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Reading the Signs from Suruc

Suruc is a dusty little town in southeastern Turkey that, until recently, was best known for sitting across the border from Kobane, Syria, the Kurdish village that the Islamic State of Iraq and al-Sham (ISIS) besieged for months starting in late 2014. Now Suruc has a newfound notoriety as the reason why Turkey has finally and necessarily gotten serious about fighting ISIS.

Turkish media and officials quickly blamed ISIS when a suicide bomber killed 32 people at a socialist youth rally in Suruc on July 20. Turkish authorities are still delving into the past of the alleged bomber, a 20-year-old man who spent months in Jordan prior to the bombing. But focusing on his specific origin in Adiyaman, a poor province in eastern Turkey that has spawned foreign fighters since the Balkan wars in the 1990s, overshadows the broader problem of Turkey’s longtime ambivalence about ISIS, itself a contributing factor to the recent violence. Instead, Suruc is critical because it has prodded Turkey into re-thinking its approach to ISIS and its neighbor Syria.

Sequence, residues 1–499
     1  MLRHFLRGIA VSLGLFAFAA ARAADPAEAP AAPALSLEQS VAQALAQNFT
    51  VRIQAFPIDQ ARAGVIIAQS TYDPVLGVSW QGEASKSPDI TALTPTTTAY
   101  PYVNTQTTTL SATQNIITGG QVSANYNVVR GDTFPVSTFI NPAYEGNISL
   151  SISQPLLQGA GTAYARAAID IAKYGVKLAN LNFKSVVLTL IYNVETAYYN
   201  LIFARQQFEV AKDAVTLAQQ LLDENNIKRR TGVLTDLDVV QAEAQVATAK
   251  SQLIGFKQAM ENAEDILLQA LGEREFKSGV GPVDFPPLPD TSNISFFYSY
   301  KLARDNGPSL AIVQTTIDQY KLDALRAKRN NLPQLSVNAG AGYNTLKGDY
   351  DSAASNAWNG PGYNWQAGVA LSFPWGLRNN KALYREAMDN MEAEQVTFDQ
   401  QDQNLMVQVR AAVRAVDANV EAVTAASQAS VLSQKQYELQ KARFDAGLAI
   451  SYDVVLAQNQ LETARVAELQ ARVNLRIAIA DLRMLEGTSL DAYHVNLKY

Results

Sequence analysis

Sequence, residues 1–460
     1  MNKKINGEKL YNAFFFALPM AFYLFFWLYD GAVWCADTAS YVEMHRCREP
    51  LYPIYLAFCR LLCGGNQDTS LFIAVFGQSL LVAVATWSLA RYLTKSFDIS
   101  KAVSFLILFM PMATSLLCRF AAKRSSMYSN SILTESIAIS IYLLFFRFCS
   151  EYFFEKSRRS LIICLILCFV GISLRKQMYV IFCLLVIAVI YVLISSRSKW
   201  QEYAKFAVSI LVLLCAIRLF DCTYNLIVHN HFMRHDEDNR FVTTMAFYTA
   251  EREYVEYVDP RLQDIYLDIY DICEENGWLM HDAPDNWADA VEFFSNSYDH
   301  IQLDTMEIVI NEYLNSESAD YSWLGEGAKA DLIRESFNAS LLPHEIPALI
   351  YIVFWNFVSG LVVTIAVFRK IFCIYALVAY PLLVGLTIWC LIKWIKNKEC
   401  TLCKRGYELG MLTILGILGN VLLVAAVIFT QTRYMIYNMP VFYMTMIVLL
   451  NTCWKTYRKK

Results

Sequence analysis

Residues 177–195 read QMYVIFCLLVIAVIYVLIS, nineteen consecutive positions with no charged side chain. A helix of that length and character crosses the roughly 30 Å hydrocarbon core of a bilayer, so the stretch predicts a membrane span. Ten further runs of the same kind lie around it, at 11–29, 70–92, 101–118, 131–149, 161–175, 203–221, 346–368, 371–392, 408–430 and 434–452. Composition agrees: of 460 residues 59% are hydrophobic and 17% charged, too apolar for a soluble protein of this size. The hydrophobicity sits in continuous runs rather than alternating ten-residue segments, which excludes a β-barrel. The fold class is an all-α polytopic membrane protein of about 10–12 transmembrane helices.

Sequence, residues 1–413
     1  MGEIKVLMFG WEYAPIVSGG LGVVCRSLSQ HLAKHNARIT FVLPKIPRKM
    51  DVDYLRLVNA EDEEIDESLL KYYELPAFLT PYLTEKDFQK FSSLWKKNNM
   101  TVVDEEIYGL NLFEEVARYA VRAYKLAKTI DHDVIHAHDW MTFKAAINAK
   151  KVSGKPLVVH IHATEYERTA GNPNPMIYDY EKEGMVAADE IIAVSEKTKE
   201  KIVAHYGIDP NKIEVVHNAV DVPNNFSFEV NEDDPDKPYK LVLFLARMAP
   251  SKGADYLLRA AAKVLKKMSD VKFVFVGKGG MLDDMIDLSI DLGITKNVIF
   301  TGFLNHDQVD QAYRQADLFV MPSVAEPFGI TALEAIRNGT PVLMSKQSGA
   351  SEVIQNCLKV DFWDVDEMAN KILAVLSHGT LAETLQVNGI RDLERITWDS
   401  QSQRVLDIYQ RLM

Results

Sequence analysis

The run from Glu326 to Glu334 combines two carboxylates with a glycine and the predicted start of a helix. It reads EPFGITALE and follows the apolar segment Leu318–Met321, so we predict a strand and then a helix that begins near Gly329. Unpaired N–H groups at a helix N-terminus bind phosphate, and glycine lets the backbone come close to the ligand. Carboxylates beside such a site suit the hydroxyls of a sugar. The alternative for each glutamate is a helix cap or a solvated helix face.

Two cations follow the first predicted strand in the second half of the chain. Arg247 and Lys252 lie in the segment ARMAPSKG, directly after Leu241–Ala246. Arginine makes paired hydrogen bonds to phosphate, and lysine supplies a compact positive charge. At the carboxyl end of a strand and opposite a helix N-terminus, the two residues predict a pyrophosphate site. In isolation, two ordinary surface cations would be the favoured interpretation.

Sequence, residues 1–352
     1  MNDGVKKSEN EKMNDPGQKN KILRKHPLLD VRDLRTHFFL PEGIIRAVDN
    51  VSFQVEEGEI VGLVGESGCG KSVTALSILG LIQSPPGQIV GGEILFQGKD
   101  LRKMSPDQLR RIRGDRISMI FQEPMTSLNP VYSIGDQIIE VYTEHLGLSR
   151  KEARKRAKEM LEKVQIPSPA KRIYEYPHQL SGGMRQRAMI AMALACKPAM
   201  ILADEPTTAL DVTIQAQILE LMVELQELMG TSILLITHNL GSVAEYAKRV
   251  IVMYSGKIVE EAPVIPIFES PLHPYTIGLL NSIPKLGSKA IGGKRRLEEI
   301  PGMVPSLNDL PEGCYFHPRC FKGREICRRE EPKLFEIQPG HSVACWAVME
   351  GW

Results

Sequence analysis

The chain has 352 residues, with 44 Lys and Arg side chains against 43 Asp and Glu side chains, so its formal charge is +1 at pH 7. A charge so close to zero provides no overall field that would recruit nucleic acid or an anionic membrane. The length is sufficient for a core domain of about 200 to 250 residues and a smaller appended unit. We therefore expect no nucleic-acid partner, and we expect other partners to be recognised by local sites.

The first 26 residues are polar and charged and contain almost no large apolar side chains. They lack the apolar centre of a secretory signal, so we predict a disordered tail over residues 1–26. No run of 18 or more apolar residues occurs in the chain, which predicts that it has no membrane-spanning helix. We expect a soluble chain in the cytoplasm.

Turkey’s Justice and Development Party (AKP) has equivocated about ISIS for years because its singular intention for Syria since 2011 has been the removal of Syrian President Bashar al-Assad. So Turkey backed a grab-bag of players in the ever-evolving mishmash of rebel groups seeking to oust the regime, wantonly gifting food, money, logistical support, and weapons to opposition fighters including the al Qa’ida affiliate Jabhat al Nusrah, from which ISIS later split to form its own, even more sinister, entity. And when it came to assessing threats, Turkish officials, in line with public opinion that—before the Suruc bombing—considered the separatist Kurdistan Workers Party (PKK) a greater threat than ISIS, made ousting the PKK the top priority for its defense dollars.